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Medina County
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This page was last updated Sunday, 27-Mar-2011 01:40:10 EDT

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Brunswick
- Our Hometown
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Brunswick: Our Hometown
A history of the community
And its families

As published in the Brunswick Times
and Brunswick Sun Times

Transcribed by Gerri Gornik)

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Page 75 | Page 78 | Page 80 | Index |

The Music Makers of Brunswick

As early as 1893 there was a Brunswick High School and Zeno L. Griner was the principal. There were only 34 students, however. Principal Jim Hayas now supervises a student population of 2,457. The first class to graduate, have commencement exercises and receive diplomas was the class of 1900 with five members. Things went downhill the next year, however - only one student graduated!

In the late 1900s and early 1900s, the bands in Brunswick were community brass bands. They consisted of local talent and were rated by the number of local musicians and the elegance of their uniforms. In those days, the brass band marching down the street in the 4th of July parade and bursting forth with "Yankee Doodle" was positively the grandest sight on earth. Not even firecrackers popping at their feet could stop them on their march. And on summer evenings the band would play concerts in the bandstand located in the circle that once graced the town center. There were both a men's and women's band.

It was 1921 when the first part of the high school - which is now the south house of Edwards Middle School - was built. That same year, the teaching of instrumental music began in Medina County. The Brunswick orchestra was organized in 1922.

In 1935, the first band was started in the schools and on April 20, county supervisor of musical instruction, Delmar Graff, conducted the band in a contest at Berea. The fledgling instrumentalists came home with a superior rating, so winning has been a 50-year tradition. The music that the band played that day was the "Pantheon Overture" by Holmes. Members of the band - we hope some of you still remember - were Howard Dunn, Harold Chidsey, Glenn Fuller, Dorothy Cadnum, Lewis Damon, Earl Bowman, Vesta Vaughn, Lois Cadnum, Julius Miklos and Keith Cadnum. At the Brunswick Sesquicentennial Concert on February 21, 1965, director Albert Sego re-enacted that concert with the high school band.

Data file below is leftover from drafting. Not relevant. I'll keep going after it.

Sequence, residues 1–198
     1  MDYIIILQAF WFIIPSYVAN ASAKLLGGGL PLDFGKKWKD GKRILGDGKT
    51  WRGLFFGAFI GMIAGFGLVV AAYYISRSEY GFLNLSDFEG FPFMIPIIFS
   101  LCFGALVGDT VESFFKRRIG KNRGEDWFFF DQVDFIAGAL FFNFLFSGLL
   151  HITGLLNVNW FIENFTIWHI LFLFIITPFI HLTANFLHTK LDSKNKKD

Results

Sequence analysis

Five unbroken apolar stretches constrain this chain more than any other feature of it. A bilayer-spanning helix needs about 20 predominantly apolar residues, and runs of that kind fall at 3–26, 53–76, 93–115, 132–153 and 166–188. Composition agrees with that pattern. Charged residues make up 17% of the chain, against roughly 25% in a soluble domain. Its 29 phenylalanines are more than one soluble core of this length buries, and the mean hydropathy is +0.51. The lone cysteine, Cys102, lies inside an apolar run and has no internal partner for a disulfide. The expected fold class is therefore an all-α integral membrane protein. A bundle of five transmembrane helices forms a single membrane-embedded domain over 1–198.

By 1947, the band had grown to 32 members. And along came the first semblance of a booster's organization. Interested parents put on a variety show to outfit the band with their first uniforms and the American Legion raffled off a steer to add to the fund. Don Parfitt was the leader of the band at that time.

In 1948, Al Sego took over the leadership of the band - starting his career here which lasted some 30 years.

The band is no stranger to playing for important events. In 1952, it was invited to Columbus to help celebrate the State's Sesquicentennial. Among the numbers played by the group was "Beautiful Ohio." And it was at that time a new addition was made to the marching troupe - the majorette, Shirley Capotosto was Brunswick's first.

In 1958, the band played for the State Fire Convention in Akron and in 1960, it played for the opening of the new post office dedication ceremonies. Twenty five years later in 1985 history repeated itself when the band performed at the dedication of the spacious new post office on Center Road.

In 1963 the Brunswick High School Band received a certificate of award in recognition of personal effort in behalf of the community from Mayor Carl Miller. That same year the band participated in two large parades in Cleveland - The Shriners and the Order of Alhambra. For many years, it regularly played at the VA Hospital in Brecksville for the recreational therapy division. The band's first of several opportunities to play for the President of the United States was during Richard Nixon's 1972 re-election campaign when the band performed along the winding parade route through Northeastern Ohio.

Over the years the band performed for Ohio's governors - Michael V. DiSalle, James A. Rhodes and John Gilligan - both for campaign appearances and for official events such as the opening of Interstate 71.

In 1985 the band, now under the direction of Robert Neidlinger, was invited to play in the Inaugural events in Washington for President Ronald Reagan. Though the parade was cancelled due to inclement weather, Brunswick's band played in a pre-inaugural festival and marched down Pennsylvania Avenue on its own.

In 1987 the band was invited to play in the Orange Bowl Parade at Miami, Florida. For both events, community fund raisers were launched including live televised auctions.

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Page 75 | Page 78 | Page 80 | Index |


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